The Funds concede that they have inspected the files of defendant C&L regarding the Pervale Litigation, but have found no documents supporting the Albanese Defendants' purported representation in that case apart from the documents already submitted by the Albanese Defendants themselves on this motion. Given the absence of any evidence supporting the Funds' allegations, no question of fact exists as to the Albanese Defendants' representation of the Funds in the Pervale litigation.
The Funds' reliance on the Albanese Defendants' failure to conclusively demonstrate that they were not the Funds' counsel is insufficient to defeat summary judgment. See, e.g., Rhode Island Depositors Economic Protection Corp. v. Hayes, 64 F.3d 22, 27-28 (1st Cir. 1995) (affirming dismissal of legal malpractice claims asserted by limited partners against law firm that had represented partnership, where law firm had challenged existence of attorney-client relationship with limited partners themselves: "We conclude that the limited partners rely on nothing more than repeated conclusory assertions about the nature of their relationship with [the law firm], . . . [which are] not enough to survive summary judgment on the question of whether an attorney-client relationship actually existed."); Sheinkopf v. Stone, 927 F.2d 1259, 1268 (1st Cir. 1991) ("In the absence of any objective evidence that [defendant] undertook to act as [plaintiff's] attorney, or had agreed to do so, a contract to furnish legal services cannot be implied" and summary judgment was properly granted); Crossland Savings FSB v. Rockwood Ins. Co., 692 F. Supp. 1510, 1515 (S.D.N.Y. 1988) (summary judgment granted because the putative client "has not proffered the contract . . . or any other evidence" of an attorney-client relationship but instead relied solely on "the mere conclusory allegations in [its] memorandum").
In the face of the sworn testimony of Albanese and Zotollo, the Funds's silence is insufficient to defeat summary judgment. See Burlington Coat Factory Warehouse Corp. v. Esprit De Corp., 769 F.2d 919, 923 (2d Cir. 1985) ("the party opposing the [summary judgment] motion may not stand mute in reliance solely upon its allegations when facing a substantial evidentiary submission refuting its claim"); Moon v. Central Intelligence Agency, 514 F. Supp. 836, 839-40 (S.D.N.Y. 1981) ("In view of the fact that plaintiff's allegations are denied by affidavits of [defendant] based on personal knowledge, plaintiff's allegations will not preclude summary judgment.").
C. An Attorney-Client Relationship with the Funds Cannot Be Presumed Based on the Albanese Defendants' Representation of Zotollo
The Funds argue in the alternative that the Albanese Defendants' representation of Anthony Zotollo created an attorney-client relationship with the Funds. According to the Funds, an attorney who renders advice to an ERISA fund trustee concerning the administration of the fund is presumed to have an attorney-client relationship with the fund and/or its beneficiaries. The Funds thus contend that, even if no evidence of an attorney-client relationship exists, such a relationship can legally be presumed from the Albanese Defendants' representation of Zotollo.
The cases upon which the Funds rely, however, address only whether communications between trustees of a pension fund and their counsel are protected by the attorney-client privilege from disclosure to the fund's beneficiaries. See, e.g., Helt v. Metropolitan Dist. Comm'n, 113 F.R.D. 7 (D. Conn. 1986); Washington-Baltimore Newspaper Guild Local 35 v. Washington Star Co., 543 F. Supp. 906 (D.D.C. 1982); United States v. De Lillo, 448 F. Supp. 840 (E.D.N.Y. 1978).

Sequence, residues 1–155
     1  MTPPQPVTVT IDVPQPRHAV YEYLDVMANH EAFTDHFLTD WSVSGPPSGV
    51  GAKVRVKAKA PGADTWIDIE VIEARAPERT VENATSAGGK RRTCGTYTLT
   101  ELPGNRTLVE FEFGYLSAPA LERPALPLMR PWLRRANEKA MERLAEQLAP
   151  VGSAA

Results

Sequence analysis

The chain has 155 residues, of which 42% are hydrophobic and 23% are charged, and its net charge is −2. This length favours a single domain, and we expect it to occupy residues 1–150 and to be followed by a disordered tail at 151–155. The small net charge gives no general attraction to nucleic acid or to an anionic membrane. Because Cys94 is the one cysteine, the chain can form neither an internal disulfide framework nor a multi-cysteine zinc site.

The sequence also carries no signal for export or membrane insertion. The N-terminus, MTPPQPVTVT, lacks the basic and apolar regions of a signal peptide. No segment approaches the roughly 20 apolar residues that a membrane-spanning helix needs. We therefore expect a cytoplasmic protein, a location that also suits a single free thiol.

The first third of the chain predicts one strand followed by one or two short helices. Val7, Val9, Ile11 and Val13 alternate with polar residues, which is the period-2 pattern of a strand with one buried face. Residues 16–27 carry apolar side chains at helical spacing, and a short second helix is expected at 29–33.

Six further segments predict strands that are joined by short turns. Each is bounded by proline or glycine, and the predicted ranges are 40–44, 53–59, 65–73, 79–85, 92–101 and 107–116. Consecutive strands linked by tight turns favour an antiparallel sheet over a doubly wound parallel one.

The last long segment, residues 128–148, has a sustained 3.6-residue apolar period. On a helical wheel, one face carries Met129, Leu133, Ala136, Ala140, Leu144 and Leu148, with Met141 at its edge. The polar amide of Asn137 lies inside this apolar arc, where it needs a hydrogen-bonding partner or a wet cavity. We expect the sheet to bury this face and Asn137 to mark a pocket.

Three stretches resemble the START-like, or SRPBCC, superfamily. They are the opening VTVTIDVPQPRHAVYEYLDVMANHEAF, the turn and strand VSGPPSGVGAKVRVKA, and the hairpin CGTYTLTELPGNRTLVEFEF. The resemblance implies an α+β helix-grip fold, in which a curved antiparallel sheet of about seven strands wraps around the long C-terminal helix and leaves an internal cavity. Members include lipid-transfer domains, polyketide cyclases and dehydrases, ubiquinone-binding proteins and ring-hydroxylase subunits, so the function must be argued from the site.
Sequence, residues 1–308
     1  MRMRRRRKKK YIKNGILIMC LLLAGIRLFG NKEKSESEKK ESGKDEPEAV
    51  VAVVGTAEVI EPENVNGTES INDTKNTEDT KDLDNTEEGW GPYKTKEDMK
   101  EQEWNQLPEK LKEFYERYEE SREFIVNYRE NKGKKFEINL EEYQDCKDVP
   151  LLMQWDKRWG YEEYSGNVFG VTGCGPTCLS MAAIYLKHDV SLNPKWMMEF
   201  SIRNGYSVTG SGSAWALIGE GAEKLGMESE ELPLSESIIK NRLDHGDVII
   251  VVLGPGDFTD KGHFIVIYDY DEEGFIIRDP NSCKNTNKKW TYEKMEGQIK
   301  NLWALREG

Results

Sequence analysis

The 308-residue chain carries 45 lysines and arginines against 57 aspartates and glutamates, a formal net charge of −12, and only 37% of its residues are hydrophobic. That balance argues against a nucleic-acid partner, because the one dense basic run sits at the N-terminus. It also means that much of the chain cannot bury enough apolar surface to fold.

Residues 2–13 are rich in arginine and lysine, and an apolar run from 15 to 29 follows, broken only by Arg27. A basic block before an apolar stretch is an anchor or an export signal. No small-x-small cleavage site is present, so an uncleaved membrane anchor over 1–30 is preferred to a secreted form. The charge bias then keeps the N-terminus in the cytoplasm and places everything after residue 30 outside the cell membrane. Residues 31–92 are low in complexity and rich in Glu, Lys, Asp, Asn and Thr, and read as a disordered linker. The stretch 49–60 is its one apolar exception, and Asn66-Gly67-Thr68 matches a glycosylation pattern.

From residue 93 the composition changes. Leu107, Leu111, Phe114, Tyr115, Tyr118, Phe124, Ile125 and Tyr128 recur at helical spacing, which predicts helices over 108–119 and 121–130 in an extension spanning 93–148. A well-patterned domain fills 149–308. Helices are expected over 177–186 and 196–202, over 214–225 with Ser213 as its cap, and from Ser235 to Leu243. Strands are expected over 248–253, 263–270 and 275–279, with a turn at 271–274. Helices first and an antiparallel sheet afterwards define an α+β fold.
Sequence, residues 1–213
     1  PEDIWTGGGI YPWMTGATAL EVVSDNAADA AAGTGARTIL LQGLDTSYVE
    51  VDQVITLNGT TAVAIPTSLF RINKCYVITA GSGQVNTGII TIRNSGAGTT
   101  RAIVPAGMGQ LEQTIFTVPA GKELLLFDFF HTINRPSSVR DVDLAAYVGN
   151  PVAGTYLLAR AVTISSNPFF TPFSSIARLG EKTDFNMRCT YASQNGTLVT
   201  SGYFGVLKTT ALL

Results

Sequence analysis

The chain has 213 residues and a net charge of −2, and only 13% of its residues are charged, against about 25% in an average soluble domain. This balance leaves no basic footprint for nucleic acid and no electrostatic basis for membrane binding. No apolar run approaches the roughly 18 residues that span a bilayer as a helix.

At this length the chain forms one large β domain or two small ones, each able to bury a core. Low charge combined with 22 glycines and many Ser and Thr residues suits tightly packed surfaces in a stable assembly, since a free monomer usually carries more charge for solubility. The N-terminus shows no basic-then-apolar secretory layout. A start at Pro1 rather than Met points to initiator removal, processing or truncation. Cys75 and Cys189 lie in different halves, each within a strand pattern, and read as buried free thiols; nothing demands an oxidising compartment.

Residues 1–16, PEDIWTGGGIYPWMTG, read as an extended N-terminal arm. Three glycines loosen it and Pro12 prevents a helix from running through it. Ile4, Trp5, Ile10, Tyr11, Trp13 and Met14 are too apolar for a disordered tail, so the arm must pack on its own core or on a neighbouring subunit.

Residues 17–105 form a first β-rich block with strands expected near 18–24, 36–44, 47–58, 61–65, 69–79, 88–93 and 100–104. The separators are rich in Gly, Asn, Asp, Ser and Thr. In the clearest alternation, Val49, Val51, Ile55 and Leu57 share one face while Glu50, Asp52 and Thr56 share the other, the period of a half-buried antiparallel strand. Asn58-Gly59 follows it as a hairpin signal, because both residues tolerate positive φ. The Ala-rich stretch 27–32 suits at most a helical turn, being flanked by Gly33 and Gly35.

The authorities cited by the Funds indicate that, notwithstanding the above-described exception to the attorney-client privilege, a trustee's status as a fiduciary does not create a presumed attorney-client relationship between the trustee's counsel and either the trust or its beneficiaries. In Weingarten v. Warren, 753 F. Supp. 491, 496-97 (S.D.N.Y. 1990), the court dismissed a claim for malpractice brought by a trust beneficiary against counsel for the trustee on the ground that, absent some special circumstances, "there is no justification for abandoning the privity requirement." The ethical opinion cited by the Funds makes the point states: "Absent specific circumstances to the contrary, beneficiaries have no attorney-client relationship with the executor's lawyer." N.Y. St. Bar Ass'n Comm'n on Professional Ethics Op. 649 at 2 n.2 (1993). Accord 4 Ronald E. Mallen & Jeffrey M. Smith, Legal Malpractice § 31.4 (1996) ("An attorney for a trustee owes no legal duty to the beneficiaries of a trust."). In Riggs Nat'l Bank v. Zimmer, 355 A.2d 709 (Del. Ch. 1976), the court explained that its decision on the issue of privilege did not stem from the notion that the trustee's attorney could be viewed, either in fact or by implication, as having represented the trust's beneficiaries:
There is no 'substantial need' [for disclosure] in the sense that the beneficiaries need to know the legal views expressed in the memorandum. They do not as they are represented by competent counsel and can get expert advice on the law. But, the beneficiaries are entitled to know what the trustees did, that is, what legal opinion was sought on their behalf and what was done in light of that opinion on their behalf.
Id. at 716.
IX. Plaintiffs Have Not Met the Requirements of Rule 56(f)
The Funds seek a continuance of this motion on the ground that they require more discovery. To such obtain relief under Rule 56(f), the party seeking additional discovery must demonstrate with specificity all of the following:
1) the nature of the uncompleted discovery, i.e., what facts are sought and how they are to be obtained; and